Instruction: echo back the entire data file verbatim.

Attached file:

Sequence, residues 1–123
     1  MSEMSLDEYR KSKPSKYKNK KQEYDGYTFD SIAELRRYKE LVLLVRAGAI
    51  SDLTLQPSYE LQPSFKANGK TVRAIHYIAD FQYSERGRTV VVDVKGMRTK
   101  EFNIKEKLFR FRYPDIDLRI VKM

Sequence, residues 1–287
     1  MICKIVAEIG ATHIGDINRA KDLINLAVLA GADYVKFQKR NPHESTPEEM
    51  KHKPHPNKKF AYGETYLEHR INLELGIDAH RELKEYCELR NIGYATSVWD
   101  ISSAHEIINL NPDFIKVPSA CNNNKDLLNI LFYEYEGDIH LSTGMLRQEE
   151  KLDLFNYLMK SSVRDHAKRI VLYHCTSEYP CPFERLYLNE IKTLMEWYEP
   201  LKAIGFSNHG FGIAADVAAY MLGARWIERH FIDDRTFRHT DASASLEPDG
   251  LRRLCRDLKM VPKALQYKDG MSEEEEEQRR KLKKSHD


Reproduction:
Sequence, residues 1–123
     1  MSEMSLDEYR KSKPSKYKNK KQEYDGYTFD SIAELRRYKE LVLLVRAGAI
    51  SDLTLQPSYE LQPSFKANGK TVRAIHYIAD FQYSERGRTV VVDVKGMRTK
   101  EFNIKEKLFR FRYPDIDLRI VKM

Sequence, residues 1–287
     1  MICKIVAEIG ATHIGDINRA KDLINLAVLA GADYVKFQKR NPHESTPEEM
    51  KHKPHPNKKF AYGETYLEHR INLELGIDAH RELKEYCELR NIGYATSVWD
   101  ISSAHEIINL NPDFIKVPSA CNNNKDLLNI LFYEYEGDIH LSTGMLRQEE
   151  KLDLFNYLMK SSVRDHAKRI VLYHCTSEYP CPFERLYLNE IKTLMEWYEP
   201  LKAIGFSNHG FGIAADVAAY MLGARWIERH FIDDRTFRHT DASASLEPDG
   251  LRRLCRDLKM VPKALQYKDG MSEEEEEQRR KLKKSHD